Thursday, June 04, 2009

The Sweet Life in Paris: Cooking fish is hard, fromage blanc is easy

In the recent comments (thank-you very much!) there were a lot of votes for tackling the fromage blanc souffle from David Lebovitz's Sweet Life in Paris. I've never actually tasted fromage blanc and given your accounts of its tastiness and scarcity, decided to see if it would be hard to make at home. 

It isn't. I tried Emeril's recipe, the first one that popped up on the search engine, and it took about 10 minutes of so-called "active" time. You slowly heat milk with buttermilk and lemon juice until curds form, drain off the whey, and there's your cheese. It doesn't differ all that much from homemade ricotta, except it was smoother and slightly more delicious, maybe because I added the optional cream. I always add the optional cream, a personality trait and perhaps a problem. Tomorrow night: fromage blanc souffle.

I also baked Lebovitz's lemon-glazed madeleines, the recipe for which is here

Pretty. Lebovitz's innovation is to "swathe" each madeleine in a "puckery" lemon glaze to ensure that they are as moist as the madeleines at his favorite Paris bakery. I haven't actually tasted one yet, am trying to wait until after lunch.

In other news, I've decided it's silly to rush through the remaining dishes I want to try from Paris. Like, what's going to happen if I don't keep to a schedule? I'm going to have to fire myself? So I'm going to start cooking from the next book tomorrow -- Andrea Nguyen's Into the Vietnamese Kitchen -- and we'll just have a few days of overlap. Vietnamese entrees, French desserts.

Also, this interesting story by Joel Stein made me want to buy both the books he mentions and brew some cherry bounce

6 comments:

  1. I am glad that the fromage blanc turned out well, and I am looking forward to hearing about the souflé! Here in Austria (well, i guess in most european countries) we also make cheesecake with fromage blanc - if interested, I can share my recipe! It is also good spread on bread with a bit of salt and some herbs. :)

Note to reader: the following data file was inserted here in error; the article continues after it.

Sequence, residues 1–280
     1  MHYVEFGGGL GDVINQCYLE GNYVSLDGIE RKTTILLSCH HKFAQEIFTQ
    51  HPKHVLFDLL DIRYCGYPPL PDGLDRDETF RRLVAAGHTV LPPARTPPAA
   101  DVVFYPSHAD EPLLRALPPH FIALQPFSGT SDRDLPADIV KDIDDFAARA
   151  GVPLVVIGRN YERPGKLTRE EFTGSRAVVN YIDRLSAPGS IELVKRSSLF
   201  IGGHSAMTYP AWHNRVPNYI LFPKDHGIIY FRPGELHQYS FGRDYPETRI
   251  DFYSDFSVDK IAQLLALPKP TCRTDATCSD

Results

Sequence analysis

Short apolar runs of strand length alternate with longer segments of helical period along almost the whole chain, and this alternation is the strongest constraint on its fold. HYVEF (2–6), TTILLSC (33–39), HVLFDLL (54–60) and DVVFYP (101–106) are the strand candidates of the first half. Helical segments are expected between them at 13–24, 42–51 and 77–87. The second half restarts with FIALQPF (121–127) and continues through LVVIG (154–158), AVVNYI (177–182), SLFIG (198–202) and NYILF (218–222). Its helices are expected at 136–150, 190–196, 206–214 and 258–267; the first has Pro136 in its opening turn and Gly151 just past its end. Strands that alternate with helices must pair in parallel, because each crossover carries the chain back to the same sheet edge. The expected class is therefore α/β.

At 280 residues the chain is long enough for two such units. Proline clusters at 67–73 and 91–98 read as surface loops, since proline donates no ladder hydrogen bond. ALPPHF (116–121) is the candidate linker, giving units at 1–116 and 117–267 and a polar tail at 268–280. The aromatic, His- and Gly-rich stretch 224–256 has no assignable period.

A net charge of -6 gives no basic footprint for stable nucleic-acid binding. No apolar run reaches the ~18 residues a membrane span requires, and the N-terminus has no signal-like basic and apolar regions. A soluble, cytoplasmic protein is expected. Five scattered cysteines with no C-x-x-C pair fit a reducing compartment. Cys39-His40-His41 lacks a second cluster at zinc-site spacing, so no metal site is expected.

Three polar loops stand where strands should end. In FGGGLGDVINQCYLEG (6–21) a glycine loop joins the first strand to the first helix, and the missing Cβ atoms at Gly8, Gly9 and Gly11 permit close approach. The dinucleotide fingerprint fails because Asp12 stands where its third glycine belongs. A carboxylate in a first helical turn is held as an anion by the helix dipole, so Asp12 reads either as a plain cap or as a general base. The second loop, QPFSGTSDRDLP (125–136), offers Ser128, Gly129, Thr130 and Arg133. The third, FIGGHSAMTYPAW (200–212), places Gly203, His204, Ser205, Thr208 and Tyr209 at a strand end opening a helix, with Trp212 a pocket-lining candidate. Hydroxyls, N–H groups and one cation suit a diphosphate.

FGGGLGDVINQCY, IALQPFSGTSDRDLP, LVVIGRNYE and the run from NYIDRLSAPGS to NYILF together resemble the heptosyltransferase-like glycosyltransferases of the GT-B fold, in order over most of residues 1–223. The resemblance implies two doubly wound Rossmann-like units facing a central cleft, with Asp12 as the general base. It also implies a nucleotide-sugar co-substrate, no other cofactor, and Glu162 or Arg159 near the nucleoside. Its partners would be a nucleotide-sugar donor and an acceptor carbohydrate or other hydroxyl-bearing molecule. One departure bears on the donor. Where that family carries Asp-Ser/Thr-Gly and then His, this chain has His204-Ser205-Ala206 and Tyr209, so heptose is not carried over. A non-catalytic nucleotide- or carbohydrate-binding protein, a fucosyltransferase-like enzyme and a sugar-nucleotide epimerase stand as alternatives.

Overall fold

I have never tried cooking Vietnamese food, so I am looking forward to your take on it. All the best and good cooking!

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  2. I would love your Austrian cheesecake recipe, LizA. When I was growing up I used to make a so-called "Austrian cheesecake" out of the old Gourmet cookbooks. It was my mother's favorite cheesecake, though I wonder how Austrian it actually was.

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  3. the technique for fromage blanc sounds very similar to paneer in indian cooking. re your previous post, the ile flottante was really good, and not that difficult. it's just the timing that's crucial for each component.

    by the way, did you know that michael ruhlman is quite taken with your review of his ratio? he tweeted about it (which is how i got to it) and even did a blog post about it here http://blog.ruhlman.com/ruhlmancom/2009/06/food-notes-prosciutto-chef-memoir-pompousity.html

    Just wanted to let you know!

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  4. Bakingepiphanies,
    Fromage blanc is very similar to paneer, almost identical but for the final pressing.
    Ok, now I will go read that Ruhlman link. Did not know about that, so thank-you.

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  5. Thanks for the Time article link. Cherry bounce sounds intriguing. As for whoopie pies, I despised them when my grandmother made them (she called them yo-yos) and, far from going extinct, they seem to be popping up all over the blogosphere.

    Good call in not rushing to finish Lebovitz. Clearly you've worked against deadlines for too long if they're infiltrating your off-work activities too! :)

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  6. Went to the Ruhlman blog and enjoyed the debate on the review. Some real nice compliments therein on your Slate article. Good for you!

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